President Joe Biden delivered an unusual speech Wednesday night, urging Americans who don't support his policies to vote for Democratic candidates anyway in order to save democracy from "Extreme MAGA Republicans" and other "dark forces" threatening to destroy the country.
"We must vote knowing what's at stake and not just the policy of the moment," Biden said at Union Station in Washington, D.C., the former site of a massive homeless encampment. "In our bones, we know democracy is at risk."
The president framed the upcoming midterm elections as "a struggle for the very soul of America," implicitly scolding voters who might be inclined to support Republicans because they're concerned about the rising cost of living due to the rampant inflation on Biden's watch.
Americans should not base their votes on petty personal concerns, the president argued, because this was a "defining moment" for the country that required "all Americans regardless of party" to speak with "one unified voice" in support of Democrats. "This is no ordinary year," he said. "So I ask you to think long and hard about the moment we are in."
Biden, 79, began the speech by drawing a direct connection between the January 6th storming of the Capitol building and last week's attack on House Speaker Nancy Pelosi's (D., Calif.) husband, who was bludgeoned with a hammer by a deranged nudist in San Francisco. "We don't settle our differences in America with a riot, a mob, or a bullet or a hammer, we settle them peacively [sic] at the battle blox [sic]— ballot box," the president articulated.
Both events were "the consequences of lies" peddled by the "defeated former president" and his allies who comprise the "extreme MAGA element of the Republican Party," which Biden described as a "minority" but also the "driving force" of the GOP.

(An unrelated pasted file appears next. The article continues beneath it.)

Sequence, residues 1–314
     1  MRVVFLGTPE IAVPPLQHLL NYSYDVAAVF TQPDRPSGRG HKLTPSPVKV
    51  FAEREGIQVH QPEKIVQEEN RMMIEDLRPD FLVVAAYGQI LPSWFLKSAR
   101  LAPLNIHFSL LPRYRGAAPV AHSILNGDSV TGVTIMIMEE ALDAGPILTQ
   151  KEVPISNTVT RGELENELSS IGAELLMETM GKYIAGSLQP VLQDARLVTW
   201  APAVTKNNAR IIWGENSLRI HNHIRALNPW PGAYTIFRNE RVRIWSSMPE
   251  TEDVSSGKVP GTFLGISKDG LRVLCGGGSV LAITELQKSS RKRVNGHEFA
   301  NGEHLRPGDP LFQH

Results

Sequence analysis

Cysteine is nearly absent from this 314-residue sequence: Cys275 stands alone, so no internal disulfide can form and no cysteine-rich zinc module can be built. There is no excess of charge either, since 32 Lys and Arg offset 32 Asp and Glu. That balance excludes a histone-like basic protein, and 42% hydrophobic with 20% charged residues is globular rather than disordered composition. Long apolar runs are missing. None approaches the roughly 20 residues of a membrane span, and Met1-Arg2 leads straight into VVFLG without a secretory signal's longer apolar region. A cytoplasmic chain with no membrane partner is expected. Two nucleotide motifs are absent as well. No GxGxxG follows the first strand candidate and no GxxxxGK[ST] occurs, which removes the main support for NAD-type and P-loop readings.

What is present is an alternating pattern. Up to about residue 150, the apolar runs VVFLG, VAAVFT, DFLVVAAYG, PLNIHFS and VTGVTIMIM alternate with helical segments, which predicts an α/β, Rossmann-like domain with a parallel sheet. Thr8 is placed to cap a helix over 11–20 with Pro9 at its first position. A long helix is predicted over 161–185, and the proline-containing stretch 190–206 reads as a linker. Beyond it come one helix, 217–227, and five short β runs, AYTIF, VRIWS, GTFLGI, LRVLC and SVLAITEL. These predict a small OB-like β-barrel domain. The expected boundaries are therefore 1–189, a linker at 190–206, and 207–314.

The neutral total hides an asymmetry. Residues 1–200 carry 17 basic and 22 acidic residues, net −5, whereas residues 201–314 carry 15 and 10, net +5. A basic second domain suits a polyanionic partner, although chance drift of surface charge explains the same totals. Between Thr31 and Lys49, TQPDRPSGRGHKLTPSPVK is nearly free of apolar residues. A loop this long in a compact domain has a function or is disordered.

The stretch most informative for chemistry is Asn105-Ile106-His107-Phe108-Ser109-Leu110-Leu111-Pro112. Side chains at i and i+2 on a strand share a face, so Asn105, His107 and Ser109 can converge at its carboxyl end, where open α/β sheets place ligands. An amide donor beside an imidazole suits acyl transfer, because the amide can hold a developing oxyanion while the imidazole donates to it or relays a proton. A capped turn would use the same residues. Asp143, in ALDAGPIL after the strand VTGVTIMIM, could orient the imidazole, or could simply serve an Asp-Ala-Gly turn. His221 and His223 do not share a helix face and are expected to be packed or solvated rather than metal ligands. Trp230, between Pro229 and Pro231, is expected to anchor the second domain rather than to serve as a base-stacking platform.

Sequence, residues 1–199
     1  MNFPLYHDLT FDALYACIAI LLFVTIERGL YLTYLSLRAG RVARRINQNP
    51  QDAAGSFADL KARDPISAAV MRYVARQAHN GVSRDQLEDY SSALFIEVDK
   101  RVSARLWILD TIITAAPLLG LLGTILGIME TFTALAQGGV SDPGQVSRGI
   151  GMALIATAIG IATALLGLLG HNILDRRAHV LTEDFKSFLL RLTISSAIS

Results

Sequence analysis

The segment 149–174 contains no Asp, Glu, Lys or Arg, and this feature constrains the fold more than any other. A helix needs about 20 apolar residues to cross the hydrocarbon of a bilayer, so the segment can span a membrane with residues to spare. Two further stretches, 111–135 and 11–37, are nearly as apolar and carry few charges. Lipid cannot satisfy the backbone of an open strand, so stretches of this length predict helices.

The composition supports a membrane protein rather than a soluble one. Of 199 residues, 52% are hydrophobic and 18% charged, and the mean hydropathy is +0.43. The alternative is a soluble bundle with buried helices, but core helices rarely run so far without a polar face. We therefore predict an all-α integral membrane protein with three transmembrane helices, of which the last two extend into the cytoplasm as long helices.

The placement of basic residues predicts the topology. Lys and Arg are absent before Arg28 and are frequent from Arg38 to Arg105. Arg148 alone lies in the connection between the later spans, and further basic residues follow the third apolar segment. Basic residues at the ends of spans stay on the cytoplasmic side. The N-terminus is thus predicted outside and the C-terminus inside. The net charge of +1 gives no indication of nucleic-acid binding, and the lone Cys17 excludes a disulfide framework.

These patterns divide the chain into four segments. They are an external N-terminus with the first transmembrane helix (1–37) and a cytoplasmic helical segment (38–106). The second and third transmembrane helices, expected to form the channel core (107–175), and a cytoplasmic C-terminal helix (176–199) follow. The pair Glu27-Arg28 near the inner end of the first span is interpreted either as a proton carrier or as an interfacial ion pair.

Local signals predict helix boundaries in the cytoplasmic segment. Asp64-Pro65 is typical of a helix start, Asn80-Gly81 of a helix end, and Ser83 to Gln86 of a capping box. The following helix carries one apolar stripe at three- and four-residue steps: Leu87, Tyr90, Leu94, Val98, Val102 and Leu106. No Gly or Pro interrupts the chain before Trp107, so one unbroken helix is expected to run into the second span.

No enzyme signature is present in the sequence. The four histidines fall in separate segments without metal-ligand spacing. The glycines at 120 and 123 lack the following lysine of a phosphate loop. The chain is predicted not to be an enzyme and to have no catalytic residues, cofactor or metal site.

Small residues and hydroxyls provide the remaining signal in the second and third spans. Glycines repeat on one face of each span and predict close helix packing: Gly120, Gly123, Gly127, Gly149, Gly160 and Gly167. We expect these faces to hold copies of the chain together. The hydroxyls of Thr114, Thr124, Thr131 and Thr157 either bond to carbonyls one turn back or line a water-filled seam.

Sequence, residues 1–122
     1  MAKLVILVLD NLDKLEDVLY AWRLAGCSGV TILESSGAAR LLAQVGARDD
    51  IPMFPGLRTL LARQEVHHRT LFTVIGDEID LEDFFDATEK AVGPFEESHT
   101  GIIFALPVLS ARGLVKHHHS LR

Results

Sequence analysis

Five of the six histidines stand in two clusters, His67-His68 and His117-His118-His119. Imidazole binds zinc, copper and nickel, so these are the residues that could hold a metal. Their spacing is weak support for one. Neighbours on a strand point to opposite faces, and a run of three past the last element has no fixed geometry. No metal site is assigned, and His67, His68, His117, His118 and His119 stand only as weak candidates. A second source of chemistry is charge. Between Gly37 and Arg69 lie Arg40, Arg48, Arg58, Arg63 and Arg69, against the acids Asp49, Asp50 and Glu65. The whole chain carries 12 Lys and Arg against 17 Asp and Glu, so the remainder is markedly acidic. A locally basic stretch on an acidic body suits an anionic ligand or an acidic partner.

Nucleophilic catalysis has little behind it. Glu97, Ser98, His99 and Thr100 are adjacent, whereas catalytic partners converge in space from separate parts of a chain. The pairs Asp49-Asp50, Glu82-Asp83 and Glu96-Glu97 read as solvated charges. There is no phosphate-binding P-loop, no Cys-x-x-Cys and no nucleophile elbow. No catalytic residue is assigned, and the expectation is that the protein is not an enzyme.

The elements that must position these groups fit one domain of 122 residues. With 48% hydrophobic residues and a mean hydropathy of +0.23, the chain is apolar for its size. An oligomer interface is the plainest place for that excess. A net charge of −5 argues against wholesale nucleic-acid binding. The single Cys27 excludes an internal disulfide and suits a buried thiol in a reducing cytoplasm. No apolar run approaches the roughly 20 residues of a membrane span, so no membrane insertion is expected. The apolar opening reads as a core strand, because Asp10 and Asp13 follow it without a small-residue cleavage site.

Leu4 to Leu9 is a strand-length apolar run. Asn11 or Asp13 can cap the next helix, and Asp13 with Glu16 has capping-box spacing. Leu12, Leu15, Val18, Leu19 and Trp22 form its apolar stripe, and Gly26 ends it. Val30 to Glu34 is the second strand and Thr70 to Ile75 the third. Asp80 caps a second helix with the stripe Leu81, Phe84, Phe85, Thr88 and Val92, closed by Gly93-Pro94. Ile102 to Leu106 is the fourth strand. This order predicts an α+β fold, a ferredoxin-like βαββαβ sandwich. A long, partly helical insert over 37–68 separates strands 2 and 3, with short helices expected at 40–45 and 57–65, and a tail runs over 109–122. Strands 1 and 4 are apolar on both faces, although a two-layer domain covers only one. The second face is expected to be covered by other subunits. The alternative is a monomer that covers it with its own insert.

Questioning the legitimacy of an election was simply "un-American," said Biden, who warned earlier this year that the 2022 election "would easily be illegitimate" unless Congress approved a sweeping election reform bill. (The legislation didn't pass.) He went on to tout the "record turnout" across the country, which has complicated Democratic efforts to accuse Republicans of voter suppression.
The speech, which was reportedly co-written by celebrity historian Jon Meacham, was riddled with clichés that probably won't resonate with the average voter, but might inspire the handful of #Resistance weirdos to tweet passionately: "Democracies are more than a form of government, they're a way of being." "We must vote knowing who we have been, what we're at risk of becoming." "This is not about me. It's about all of us. It's about what makes America, America."
When the president's speech was announced on Tuesday, it was widely viewed as a last-ditch effort to save the Democratic Party from crushing defeat at the ballot box. Reports indicate Biden was motivated to give the speech in response to polling data that suggest Republicans are likely to retake control of the House and possibly the Senate as well. He was also concerned that a number of so-called election deniers—including some that Democrats actively supported in primary elections earlier this year—were on track to win. When the speech was over, the purpose was less clear.
Those who watched the roughly 30-minute address could have saved themselves the time by watching MSNBC's Joy Reid interview failed presidential candidate Hillary Clinton the previous night. "I think that with all of the noise that we’ve gotten in this election season, I don't think that people are really able to grasp [the threat Republicans pose to democracy]," Clinton said. "But more importantly, I’m not sure they really understand the threats to their way of life."
It's the most inspiring closing message Democrats can muster at this point. It's also what they've been saying non-stop for the better part of two years. And when they lose, after the hysteria has died down, they will inevitably lament that they failed to communicate their message effectively.